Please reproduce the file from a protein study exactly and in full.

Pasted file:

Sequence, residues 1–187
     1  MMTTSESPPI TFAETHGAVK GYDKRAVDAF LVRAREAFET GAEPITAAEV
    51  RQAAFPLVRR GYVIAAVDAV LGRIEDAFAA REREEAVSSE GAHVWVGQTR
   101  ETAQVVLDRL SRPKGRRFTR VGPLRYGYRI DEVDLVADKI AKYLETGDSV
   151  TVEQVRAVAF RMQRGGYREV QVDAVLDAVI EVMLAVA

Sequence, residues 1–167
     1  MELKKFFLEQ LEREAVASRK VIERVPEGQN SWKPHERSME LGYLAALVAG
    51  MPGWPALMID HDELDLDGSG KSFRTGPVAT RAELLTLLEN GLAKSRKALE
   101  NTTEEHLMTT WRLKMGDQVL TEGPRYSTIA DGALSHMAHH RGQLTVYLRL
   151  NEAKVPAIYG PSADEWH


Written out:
Sequence, residues 1–187
     1  MMTTSESPPI TFAETHGAVK GYDKRAVDAF LVRAREAFET GAEPITAAEV
    51  RQAAFPLVRR GYVIAAVDAV LGRIEDAFAA REREEAVSSE GAHVWVGQTR
   101  ETAQVVLDRL SRPKGRRFTR VGPLRYGYRI DEVDLVADKI AKYLETGDSV
   151  TVEQVRAVAF RMQRGGYREV QVDAVLDAVI EVMLAVA

Sequence, residues 1–167
     1  MELKKFFLEQ LEREAVASRK VIERVPEGQN SWKPHERSME LGYLAALVAG
    51  MPGWPALMID HDELDLDGSG KSFRTGPVAT RAELLTLLEN GLAKSRKALE
   101  NTTEEHLMTT WRLKMGDQVL TEGPRYSTIA DGALSHMAHH RGQLTVYLRL
   151  NEAKVPAIYG PSADEWH